The Cell Phone (Habit, Part 5)

In writing my habits blogs, I thought it most useful to talk to other people and ask them to tell the story of how they changed a habit.  I particularly love this one because it addresses something many people grapple with – the insidious nature of the cell phone.  As Ali describes below, the phone can be used for so many things.  As such, ferreting out the part of the habit that does not serve you can be an interesting challenge.

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One of the habits I used to have (and still have) involves my relationship with my phone. I wouldn’t go so far as to call this habit an addiction, but sometimes it feels like it. I wake up each morning and look at my phone, sit on the couch with my morning coffee and read the news, text and call throughout the day, post photos of my child, and end the day with a final glance at my phone. This is a habit that I share with many people in our technologically savvy society and none of it bothered me; until it did.

A few years ago, I realized how much time I spent on my phone. It had become a problem that I wanted to fix so I decided I needed to change what I was focusing on. The habit I was trying to re-learn/replace was to spend less time on my phone, not just for work, but also for Facebook, text messages, and reading the news. I believe I was successful because I focused on establishing a new habit in place of my old one, rather than focusing on NOT using my phone. For example, I had a habit of sitting in bed and looking at my phone before I went to sleep each night. To break the habit, I decided I would put the phone away (far from the bed), get into bed and read. Therefore, the new habit became reading instead of looking at my phone.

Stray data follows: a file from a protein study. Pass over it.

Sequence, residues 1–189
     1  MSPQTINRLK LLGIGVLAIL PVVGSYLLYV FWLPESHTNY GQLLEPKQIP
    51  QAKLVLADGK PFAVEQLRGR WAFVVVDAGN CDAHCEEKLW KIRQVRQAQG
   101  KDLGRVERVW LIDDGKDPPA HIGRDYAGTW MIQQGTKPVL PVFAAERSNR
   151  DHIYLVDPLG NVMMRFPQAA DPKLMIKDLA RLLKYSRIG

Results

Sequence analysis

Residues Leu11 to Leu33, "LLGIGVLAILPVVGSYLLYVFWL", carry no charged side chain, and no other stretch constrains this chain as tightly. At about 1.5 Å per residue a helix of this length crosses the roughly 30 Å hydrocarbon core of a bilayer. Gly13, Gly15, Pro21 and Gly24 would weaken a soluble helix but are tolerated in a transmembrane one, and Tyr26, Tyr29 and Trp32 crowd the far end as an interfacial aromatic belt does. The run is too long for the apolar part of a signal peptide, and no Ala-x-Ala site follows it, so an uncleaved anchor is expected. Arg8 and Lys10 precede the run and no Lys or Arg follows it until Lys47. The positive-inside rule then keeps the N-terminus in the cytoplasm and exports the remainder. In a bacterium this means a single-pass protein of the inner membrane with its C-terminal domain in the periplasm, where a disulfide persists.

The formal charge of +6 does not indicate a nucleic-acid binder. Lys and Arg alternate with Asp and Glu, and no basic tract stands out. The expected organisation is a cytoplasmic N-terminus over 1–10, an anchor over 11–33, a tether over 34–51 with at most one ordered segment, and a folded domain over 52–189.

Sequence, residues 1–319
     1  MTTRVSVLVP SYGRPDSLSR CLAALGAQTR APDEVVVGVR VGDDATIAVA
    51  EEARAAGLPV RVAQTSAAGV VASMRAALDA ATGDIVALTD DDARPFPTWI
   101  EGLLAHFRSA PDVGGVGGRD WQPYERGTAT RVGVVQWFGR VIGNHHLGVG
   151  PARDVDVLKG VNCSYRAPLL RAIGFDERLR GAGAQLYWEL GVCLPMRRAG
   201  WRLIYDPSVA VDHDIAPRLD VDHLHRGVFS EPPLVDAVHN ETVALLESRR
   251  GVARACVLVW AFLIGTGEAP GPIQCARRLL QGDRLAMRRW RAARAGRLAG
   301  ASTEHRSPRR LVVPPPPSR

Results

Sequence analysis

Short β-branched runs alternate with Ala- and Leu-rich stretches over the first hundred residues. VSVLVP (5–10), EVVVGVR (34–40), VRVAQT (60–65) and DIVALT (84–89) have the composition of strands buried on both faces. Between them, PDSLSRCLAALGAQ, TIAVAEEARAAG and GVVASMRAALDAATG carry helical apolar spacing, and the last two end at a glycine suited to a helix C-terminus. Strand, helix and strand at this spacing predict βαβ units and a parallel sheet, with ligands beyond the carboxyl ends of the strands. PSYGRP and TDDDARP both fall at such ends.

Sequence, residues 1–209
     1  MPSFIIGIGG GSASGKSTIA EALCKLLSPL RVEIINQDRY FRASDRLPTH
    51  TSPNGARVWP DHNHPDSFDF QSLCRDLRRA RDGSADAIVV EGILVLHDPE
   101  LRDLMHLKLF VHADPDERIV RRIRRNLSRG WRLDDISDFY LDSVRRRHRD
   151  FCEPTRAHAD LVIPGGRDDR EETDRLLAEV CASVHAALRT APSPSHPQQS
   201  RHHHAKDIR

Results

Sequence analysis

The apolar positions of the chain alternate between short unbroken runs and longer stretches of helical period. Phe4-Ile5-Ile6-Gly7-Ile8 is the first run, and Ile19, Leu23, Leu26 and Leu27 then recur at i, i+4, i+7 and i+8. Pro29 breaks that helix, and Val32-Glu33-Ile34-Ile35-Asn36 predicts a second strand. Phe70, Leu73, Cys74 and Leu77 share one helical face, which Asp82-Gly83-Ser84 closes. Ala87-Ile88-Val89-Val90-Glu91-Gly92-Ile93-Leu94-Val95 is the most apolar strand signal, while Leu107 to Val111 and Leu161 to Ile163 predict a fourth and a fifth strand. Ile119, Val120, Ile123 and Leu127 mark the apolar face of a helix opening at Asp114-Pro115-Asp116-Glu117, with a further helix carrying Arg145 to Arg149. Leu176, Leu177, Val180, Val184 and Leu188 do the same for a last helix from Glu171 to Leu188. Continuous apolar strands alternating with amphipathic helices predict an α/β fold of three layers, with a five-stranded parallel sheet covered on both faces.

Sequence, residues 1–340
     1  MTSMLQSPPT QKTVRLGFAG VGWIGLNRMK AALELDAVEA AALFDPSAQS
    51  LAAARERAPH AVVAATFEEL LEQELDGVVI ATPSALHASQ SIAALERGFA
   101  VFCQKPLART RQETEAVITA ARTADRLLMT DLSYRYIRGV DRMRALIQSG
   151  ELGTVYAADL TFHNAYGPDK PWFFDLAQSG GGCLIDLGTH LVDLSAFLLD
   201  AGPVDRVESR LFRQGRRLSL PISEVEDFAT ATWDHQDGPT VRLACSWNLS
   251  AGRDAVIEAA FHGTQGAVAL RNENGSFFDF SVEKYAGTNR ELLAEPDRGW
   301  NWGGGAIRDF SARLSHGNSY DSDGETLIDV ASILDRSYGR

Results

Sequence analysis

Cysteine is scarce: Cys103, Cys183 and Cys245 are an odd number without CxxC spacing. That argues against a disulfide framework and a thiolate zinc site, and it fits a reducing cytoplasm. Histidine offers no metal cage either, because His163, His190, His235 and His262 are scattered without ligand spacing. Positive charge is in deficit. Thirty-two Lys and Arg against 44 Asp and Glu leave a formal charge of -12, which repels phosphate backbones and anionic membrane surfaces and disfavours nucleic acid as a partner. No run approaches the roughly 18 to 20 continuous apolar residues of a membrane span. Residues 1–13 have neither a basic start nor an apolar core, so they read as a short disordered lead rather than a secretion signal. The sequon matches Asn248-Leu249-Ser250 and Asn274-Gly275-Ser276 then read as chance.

When I went through this process, it felt less difficult because I wasn’t just stopping the use of my phone; I was focusing on what I WAS doing (reading). However, it still took work and discipline. It was very easy to get into bed with the phone, so I had to focus on the book each night. It had to be a very conscious decision to put the phone away and grab the book instead.

It still isn’t perfect, but more often than not, I don’t go to bed with my phone in hand. After going through this process, it is much easier to be consistent. I don’t have to think about it as often as the new habit has become the default.

–Alexandria Goff is the founder and principal of Law Office of Alexandria Goff, PC in Rocklin where she focuses on transactional law including estate planning, trust, probate and equine matters.  ( http://www.gofflegal.com/)

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What I notice about this story is that Ali identified a location that was associated with cell phone use.  And she changed that.  So the location – bed – is a phone-free zone, and is a place associated with reading a book.  In order to enforce that, she leaves the phone far away from the bed.  Habits are associated with other habits often.  And they are often associated with places.  This week, play around with changing habits by noticing if there is a place that you commonly perform the habit.  For example, I wanted to drink more water so I created a habit of pouring myself a glass of water every time I went on a coaching call.  That way, I knew I would sit for an hour with a 16-oz glass of water.  This worked well because I needed the water anyway while staying in one place and talking for an hour.  It worked also to replace the coffee I normally grabbed before a call, which I wanted to cut down on.  I also created a habit of never leaving the house without a canteen of water.  Again, it works well because I am in the car for lengths of time and it’s the perfect time to drink water.  A lovely side benefit is that my son started emulating me and now we never leave our garage without a container of water each.  (It is interesting to note how other people pick up on your habits.)  It is the location – the leaving in the car and sitting down in my coaching chair – that triggers the habit.  Just like for Ali, sitting in the bed triggers the new behavior – reading a book.